Elegant hardwood floors are the envy of every homeowner. Intricate grains convey warmth and texture. Sleek planks elongate the room. Delicate seams flow effortlessly between spaces. High-quality hardwood floors give a home an extra dash of character.
In my 1940s home, the original hardwoods feel gracious in the foyer, hospitable in the dining room and homey in the living room. Blessed as my husband and I were to happen upon a gem pre-lit with this must-have, the kitchen and office were not so lucky. These key rooms received well-worn checkerboard linoleum and plush, fairly new carpet, respectively. Though the argument for carpet can be made—and won—my personal fondness for hardwood floors began decades ago. In regard to the linoleum, there was no salvaging that period-appropriate selection—well-worn was an understatement!
As we embarked on the research phase of our flooring revival, I happened upon a curious option: engineered hardwood. To this point, I assumed all hardwood floors were the same—wood that went on a floor. How many choices could there be? Right? Wrong. Now that I’m well-steeped in flooring know-how, I have a greater understanding of the engineered option and, in my humble opinion, it deserves a moment in the spotlight. Allow me to share.
While traditional solid hardwood floors are made from one piece of wood that is approximately three-quarters of an inch thick, engineered products consist of three to five layers of hardwood or plywood with a hardwood veneer situated on top. This top layer is made of the wood you desire and is the reason a visitor or permanent resident would never be the wiser of your selection based on appearance alone. When musing your choices, keep in mind that for increased stability, the under layers should be proportionally thicker than the top veneer. It’s also worth noting that since it is topped with a slim veneer, engineered hardwood floors can only be refinished one or two times (depending on the thickness of the veneer), compared to up to 10 refinishes with solid hardwoods. Though it varies by brand, planks come in a variety of widths, lengths and stains. The more options, the better!
The beauty of engineered hardwoods lies in its flexibility. Due to changes in moisture and temperature within your home, other hardwood products are only recommended for use at or above ground level. Not engineered hardwoods! The layers alternate the direction of the grain to add stability and minimize shrinking and expanding. With increased moisture and heat resistance, it can be used on any level of your home, making it a great option for finished basements and bathrooms. However, if the product will be in an area that experiences high moisture levels, such as a room below ground level, it is recommended that you include a vapor barrier, which can be as simple as a sheet of plastic. This thin layer helps keep potential moisture in your foundation from making its way to your beautiful new floors!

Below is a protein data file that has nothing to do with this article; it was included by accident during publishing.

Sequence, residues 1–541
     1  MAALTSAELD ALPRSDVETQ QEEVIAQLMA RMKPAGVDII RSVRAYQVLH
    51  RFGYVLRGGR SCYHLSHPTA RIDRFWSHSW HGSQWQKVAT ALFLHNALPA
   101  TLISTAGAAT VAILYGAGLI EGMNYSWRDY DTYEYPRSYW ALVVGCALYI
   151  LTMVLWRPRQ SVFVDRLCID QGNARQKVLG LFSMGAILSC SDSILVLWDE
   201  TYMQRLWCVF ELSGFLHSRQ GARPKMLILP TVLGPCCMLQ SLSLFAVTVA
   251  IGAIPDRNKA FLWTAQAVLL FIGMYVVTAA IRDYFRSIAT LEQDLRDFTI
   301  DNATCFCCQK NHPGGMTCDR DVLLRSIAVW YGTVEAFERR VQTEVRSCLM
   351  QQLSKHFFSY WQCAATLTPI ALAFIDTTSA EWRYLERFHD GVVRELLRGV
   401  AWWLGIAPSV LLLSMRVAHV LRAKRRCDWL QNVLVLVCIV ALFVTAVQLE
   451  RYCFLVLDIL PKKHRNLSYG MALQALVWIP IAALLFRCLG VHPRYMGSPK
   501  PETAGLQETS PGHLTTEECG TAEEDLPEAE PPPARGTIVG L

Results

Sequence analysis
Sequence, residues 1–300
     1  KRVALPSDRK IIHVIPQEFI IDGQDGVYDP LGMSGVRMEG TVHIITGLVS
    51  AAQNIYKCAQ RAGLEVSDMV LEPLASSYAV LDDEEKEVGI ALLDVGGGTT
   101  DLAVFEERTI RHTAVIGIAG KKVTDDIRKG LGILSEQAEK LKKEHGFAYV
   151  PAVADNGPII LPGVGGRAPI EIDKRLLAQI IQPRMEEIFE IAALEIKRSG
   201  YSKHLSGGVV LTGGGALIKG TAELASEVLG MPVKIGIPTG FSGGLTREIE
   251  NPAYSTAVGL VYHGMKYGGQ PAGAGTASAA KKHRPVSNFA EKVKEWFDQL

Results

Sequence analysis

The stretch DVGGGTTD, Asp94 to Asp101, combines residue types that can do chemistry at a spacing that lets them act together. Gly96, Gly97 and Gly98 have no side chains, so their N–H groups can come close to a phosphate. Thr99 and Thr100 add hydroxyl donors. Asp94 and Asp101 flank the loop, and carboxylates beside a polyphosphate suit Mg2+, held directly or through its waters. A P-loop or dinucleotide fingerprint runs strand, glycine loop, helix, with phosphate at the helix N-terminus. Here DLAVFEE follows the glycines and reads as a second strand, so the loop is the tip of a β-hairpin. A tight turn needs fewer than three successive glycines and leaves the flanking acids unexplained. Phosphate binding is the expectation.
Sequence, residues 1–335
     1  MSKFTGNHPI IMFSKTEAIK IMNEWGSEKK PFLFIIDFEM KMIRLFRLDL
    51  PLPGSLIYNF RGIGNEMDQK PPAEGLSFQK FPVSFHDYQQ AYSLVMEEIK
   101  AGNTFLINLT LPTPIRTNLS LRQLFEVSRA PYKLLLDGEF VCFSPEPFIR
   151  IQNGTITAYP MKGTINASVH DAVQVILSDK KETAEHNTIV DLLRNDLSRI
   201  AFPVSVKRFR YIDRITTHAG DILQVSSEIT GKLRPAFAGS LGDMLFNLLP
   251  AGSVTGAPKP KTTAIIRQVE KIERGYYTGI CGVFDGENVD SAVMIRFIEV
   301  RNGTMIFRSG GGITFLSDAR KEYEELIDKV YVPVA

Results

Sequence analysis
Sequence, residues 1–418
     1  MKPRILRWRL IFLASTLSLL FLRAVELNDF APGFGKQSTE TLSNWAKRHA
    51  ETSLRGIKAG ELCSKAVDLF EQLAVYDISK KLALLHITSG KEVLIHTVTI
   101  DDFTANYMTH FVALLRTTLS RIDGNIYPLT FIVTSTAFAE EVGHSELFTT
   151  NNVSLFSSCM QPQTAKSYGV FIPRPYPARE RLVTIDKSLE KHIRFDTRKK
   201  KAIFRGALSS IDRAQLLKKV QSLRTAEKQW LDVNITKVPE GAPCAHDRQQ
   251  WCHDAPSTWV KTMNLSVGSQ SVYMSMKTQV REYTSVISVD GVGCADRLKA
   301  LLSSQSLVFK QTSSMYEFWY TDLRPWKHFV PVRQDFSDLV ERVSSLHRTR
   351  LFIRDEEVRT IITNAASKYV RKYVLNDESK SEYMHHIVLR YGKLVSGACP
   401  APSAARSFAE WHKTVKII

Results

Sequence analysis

Underscoring its long list of benefits, engineered hardwoods can be installed directly overtop a concrete slab (similar products must be nailed directly to subfloor). New brands and styles also offer a tongue and groove configuration so the floors may be installed as “floating floors.” This method, most commonly associated with laminate flooring, is easy for DIY home installers with a basic understanding of construction and the associated tools like a chop saw and rubber mallet. The boards are not glued or nailed to the subfloor or concrete; they simply lock snugly to each other. Installation is a snap, though you should be prepared to dedicate many hours to the cause! While aesthetically this method doesn’t present any differences, the floor may have a mild bounce or give to it. If you’re going to install a more traditional floor that is nailed or glued onto a concrete slab or subfloor, I recommend you call in the pros. These folks will ensure your floor moves and expands as it should!
For the majority of home renovations—mine included—price is key. I was happily surprised to learn that engineered hardwood floors steer a straight monetary line between budget-friendly laminates and their solid hardwood counterparts. Strong design and a mid-range price equals a happy budget in my house! Also the consideration that engineered varieties can be used in more areas of the home makes them, in my book, a better value. Keep in mind, the price of each engineered hardwood option is often determined by the thickness of the hardwood veneer adhered to the top. The thicker it is, the pricier each plank will be. I recommend checking with your flooring specialist or local hardware store. These experts will help you consider all your options so you can make an informed decision.
Whether you want to spruce up your main living spaces, breathe new life into your kitchen or infuse warmth into any room, engineered hardwood flooring is, in my humble opinion, an excellent and affordable option. The variety of stains and plank widths will allow you to curate the environment of your dreams and achieve the lovely ambience that follows hardwood floors. So, go ahead—explore engineered hardwoods. You’ll be glad you did!